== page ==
Sunday, April 19, 2009

Four deaths in and around the poetry community in one week feels like a lot. Three of the deceased were poets, one a critic. Two of the poets also had substantial roles as critics and as translators. Yet what struck me, more than anything, was how each operated within a social world in which the other three were more or less completely absent. If you read the responses to the notices on the blog, it would appear that the death of Franklin Rosemont was the most significant, but it has been entirely unacknowledged in the daily press in this country, while obits for Deborah Digges have started to pop up there, though not as widely nor as quickly as those for Eve Kosofsky Sedgwick. In France, the death of Henri Meschonnic is being treated as a similar big deal.

All of these I take as signs just how large the literary community has become. In a city of 50,000 (to use Seth Abramson’s figure for the number of poets publishing in English), one would anticipate 12 deaths on an average week, even if everyone lived to be 80, which not one of these four did. Of course, neither Sedgwick nor Meschonnic would be included in a strict counting of Abramsons’s census. And most poets don’t begin publishing until they are 20 (David Shapiro & I were precocious), so that 50,000 figure really has to be amortized out over 60 years even if we all make it to 80 – actuarially, you would expect 16 such deaths a week.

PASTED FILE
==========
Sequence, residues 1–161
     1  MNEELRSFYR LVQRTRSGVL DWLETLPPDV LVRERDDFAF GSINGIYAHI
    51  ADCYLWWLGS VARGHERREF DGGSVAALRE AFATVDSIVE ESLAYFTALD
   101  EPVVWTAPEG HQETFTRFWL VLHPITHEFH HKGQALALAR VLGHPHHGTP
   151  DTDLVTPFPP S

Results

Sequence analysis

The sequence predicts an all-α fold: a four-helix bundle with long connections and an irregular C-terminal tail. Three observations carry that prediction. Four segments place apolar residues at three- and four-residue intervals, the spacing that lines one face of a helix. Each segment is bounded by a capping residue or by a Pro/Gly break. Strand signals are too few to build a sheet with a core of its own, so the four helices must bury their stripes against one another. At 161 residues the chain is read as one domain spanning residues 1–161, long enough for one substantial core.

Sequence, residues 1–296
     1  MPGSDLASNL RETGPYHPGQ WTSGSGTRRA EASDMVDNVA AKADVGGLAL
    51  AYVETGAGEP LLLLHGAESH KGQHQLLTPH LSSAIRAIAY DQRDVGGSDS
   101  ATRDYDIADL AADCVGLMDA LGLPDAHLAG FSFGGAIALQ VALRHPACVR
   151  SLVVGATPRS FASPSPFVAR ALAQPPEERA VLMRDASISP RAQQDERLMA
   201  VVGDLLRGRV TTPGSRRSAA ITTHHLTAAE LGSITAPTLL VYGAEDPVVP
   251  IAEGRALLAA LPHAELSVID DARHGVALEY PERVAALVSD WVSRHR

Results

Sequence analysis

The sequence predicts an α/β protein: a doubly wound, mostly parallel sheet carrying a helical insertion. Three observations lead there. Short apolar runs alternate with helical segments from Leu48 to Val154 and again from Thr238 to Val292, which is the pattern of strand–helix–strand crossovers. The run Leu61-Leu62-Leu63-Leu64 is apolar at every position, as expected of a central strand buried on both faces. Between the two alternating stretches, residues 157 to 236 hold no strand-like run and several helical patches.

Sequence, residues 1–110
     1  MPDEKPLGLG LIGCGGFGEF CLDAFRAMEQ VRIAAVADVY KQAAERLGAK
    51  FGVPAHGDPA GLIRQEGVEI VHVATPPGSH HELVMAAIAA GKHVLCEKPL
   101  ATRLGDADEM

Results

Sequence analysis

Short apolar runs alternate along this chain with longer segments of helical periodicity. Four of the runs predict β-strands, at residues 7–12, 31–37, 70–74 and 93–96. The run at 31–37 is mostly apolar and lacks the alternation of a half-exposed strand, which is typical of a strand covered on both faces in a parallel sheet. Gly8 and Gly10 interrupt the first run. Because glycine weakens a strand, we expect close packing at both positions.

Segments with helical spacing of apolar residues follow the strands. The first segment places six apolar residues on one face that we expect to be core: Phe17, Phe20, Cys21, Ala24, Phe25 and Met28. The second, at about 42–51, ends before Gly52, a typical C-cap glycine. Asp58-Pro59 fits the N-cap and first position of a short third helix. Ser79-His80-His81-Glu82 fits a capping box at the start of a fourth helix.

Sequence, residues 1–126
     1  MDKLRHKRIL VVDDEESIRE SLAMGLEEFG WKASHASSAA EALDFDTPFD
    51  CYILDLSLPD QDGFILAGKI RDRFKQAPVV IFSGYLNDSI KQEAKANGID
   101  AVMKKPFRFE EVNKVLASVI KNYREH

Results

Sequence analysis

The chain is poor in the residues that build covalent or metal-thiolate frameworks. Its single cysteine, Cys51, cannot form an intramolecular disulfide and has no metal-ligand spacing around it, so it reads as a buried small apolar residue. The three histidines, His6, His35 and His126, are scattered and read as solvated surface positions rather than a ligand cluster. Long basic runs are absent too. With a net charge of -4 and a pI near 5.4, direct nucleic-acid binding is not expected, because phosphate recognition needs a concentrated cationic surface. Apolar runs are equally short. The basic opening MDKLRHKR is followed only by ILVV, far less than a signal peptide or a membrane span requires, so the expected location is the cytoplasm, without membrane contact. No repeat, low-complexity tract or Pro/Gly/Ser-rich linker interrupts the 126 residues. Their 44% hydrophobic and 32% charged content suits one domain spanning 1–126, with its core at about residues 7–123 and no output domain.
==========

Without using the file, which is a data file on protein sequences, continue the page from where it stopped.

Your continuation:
This leads me to think (once again) that Abramson’s number is too high, though his underlying point is well taken. And one could respond that my calculations in the paragraph above presume a relatively even age distribution of the 50,000, which I think Abramson & I would both agree there is not. At least half of the 50,000 are under 35, possibly much more than that.

But what I think this suggests is that weeks like the past one will become much more common as time goes on, not only in the numbers, but in the fact that the poets who pass may well appear to operate in entirely different universes with very little overlap. As this becomes more apparent, the fiction that there is such a thing as poetry will become increasingly transparent. Instead there are poetries, a word that perhaps should never be used in the singular without a hyphen in front of it.